Associate professor of literacy studies receives COVID-19 response grant

May 14, 2020

KALAMAZOO, Mich.—Dr. Selena Protacio, associate professor of literacy studies in the College of Education and Human Development at Western Michigan University, has received a $6,500 WMU Meader Presidential Endowment COVID-19 Response Grant. The grant will fund a design-based research study to provide academic and linguistic support for English learners (ELs) during the COVID-19 pandemic.

Because of the modifications teachers usually make to help ELs access curriculum, they are one of the most vulnerable student populations being impacted by the transition to online K-12 learning—a fact which is compounded when EL families do not have access to internet and/or laptops.

The intervention was inspired by the desire of an English as a Second Language (ESL) teacher enrolled in WMU’s M.A. in Teaching English to Speakers of Other Languages (TESOL) program to be able to continue to do read-alouds to her ELs that do not have access to technology. The idea is simple: provide voice recorders to teachers so they can record simplified instructions to accompany student work packets and also provide read-alouds. Receiving this adaptation supports ELs with their academic tasks and provides much needed exposure to English which helps their language acquisition. The recorders will be dropped off to students following social distancing guidelines on Mondays, along with the standard work packets, and picked back up on Thursdays so teachers can record for the following week.

Dr. Selena Protacio

Dr. Selena Protacio

“The current situation is highlighting both the socioeconomic and technological divide among students. We really need to consider these factors and recognize that simpler technology may actually work better to meet the needs of some students,” shared Dr. Protacio.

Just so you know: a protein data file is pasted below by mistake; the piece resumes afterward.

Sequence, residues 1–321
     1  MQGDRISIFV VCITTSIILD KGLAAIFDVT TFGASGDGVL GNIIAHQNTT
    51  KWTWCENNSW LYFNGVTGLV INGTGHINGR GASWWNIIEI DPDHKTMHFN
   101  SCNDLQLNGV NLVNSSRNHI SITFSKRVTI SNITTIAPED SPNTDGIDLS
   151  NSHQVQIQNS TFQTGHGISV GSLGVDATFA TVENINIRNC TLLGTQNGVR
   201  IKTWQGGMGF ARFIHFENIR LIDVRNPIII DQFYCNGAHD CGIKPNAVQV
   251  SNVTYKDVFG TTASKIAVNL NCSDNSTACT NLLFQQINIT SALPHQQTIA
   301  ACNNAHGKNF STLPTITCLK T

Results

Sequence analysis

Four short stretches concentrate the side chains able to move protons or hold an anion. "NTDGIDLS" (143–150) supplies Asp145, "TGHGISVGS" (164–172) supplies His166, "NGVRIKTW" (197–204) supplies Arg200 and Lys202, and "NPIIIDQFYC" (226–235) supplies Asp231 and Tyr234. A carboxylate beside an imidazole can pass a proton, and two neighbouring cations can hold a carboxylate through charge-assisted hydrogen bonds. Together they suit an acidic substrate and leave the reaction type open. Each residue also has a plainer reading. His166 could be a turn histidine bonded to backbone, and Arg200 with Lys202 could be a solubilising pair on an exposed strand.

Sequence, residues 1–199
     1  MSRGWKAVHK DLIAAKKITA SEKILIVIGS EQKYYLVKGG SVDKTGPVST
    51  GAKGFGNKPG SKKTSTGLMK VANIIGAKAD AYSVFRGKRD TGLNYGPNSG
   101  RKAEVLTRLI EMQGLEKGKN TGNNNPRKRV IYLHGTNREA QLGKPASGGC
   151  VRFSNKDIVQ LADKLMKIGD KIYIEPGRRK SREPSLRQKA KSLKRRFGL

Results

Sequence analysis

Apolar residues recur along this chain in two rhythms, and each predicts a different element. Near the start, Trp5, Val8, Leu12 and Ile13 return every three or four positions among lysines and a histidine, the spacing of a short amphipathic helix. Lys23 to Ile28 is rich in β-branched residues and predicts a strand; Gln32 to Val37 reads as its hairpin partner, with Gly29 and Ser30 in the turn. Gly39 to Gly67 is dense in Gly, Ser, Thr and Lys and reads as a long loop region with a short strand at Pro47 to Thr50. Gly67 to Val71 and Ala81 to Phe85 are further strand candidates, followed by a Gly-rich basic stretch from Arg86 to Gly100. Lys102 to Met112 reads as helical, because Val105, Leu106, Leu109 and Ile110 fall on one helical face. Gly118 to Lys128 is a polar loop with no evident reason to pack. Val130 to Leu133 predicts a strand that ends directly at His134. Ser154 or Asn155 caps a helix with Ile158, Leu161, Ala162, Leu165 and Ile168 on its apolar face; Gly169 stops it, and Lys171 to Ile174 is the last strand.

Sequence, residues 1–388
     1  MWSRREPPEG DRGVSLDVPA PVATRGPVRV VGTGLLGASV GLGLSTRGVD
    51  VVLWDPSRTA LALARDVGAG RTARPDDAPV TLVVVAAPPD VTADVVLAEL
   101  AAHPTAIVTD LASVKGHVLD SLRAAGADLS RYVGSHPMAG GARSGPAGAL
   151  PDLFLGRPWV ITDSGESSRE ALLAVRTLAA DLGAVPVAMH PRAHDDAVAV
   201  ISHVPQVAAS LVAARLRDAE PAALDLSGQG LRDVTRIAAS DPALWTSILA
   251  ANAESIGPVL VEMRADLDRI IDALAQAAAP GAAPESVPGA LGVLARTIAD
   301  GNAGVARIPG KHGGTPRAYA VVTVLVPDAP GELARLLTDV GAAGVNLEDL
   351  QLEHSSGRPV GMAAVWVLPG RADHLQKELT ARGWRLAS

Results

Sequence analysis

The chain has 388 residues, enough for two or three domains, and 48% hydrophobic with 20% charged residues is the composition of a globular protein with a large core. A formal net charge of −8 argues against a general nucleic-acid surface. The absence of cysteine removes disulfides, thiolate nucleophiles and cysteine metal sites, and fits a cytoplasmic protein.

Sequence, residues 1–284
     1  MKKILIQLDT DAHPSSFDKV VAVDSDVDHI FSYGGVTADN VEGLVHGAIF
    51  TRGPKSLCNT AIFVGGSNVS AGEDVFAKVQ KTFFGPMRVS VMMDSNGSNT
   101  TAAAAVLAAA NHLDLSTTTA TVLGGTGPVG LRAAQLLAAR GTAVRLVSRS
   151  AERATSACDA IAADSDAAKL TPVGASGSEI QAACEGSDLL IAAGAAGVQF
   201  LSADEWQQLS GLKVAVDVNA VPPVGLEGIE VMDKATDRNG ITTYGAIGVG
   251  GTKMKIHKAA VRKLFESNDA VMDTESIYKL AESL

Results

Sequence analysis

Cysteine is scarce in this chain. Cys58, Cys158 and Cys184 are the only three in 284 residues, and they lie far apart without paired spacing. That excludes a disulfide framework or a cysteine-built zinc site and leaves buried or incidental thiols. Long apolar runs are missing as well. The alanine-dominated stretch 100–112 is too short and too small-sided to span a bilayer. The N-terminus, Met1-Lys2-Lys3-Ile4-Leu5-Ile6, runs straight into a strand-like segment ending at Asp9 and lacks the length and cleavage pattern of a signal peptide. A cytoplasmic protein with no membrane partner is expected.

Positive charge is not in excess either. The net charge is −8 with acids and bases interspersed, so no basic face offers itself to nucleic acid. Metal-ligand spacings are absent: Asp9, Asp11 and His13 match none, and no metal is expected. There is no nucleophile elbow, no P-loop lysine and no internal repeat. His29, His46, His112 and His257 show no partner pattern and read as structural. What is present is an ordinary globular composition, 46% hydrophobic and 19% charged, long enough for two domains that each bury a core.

The intervention will take place in partnership with a rural Michigan school district with a high percentage of ELs with the hopes of sharing results with other districts. The two ESL teachers in this district will aid Protacio in coordinating the intervention and collecting data. Protacio has also donated books to the ESL teachers so that these books will be rotated among the ELs for continued exposure to reading materials. Sanitation guidelines will be followed in order to ensure the materials (voice-recorders and books) will be cleaned before distribution each week.

To measure the effectiveness of the intervention, the team will be conducting teacher interviews, reviewing teacher field notes, collecting student artifacts, and considering student formative assessments. A key feature of design-based research is that it is situated in a real education context and plans for the refinement of the intervention in collaboration with participants. Therefore, the data and analysis will happen simultaneously so that improvements can be made to the intervention in real time.

Dr. Protacio holds a Ph.D. in curriculum, instruction, and teacher education with a language and literacy emphasis from Michigan State University and an M.Ed. in teaching, learning, and teacher education with a literacy specialization from the University of Nebraska-Lincoln. Her bachelor’s degree is in communication research from the University of the Philippines-Diliman. Prior to earning her graduate degrees, Dr. Protacio worked as an English teacher in the Philippines, which is her native country. Her research interests primarily focus on the literacy motivation and engagement of English learners in K-12 settings. She has also conducted research focused on parental and family engagement of immigrant families in the U.S. Dr. Protacio serves as principal investigator of a $2.6 million National Professional Development grant from the U.S. Department of Education and editor of the international, peer-reviewed journal Reading Horizons.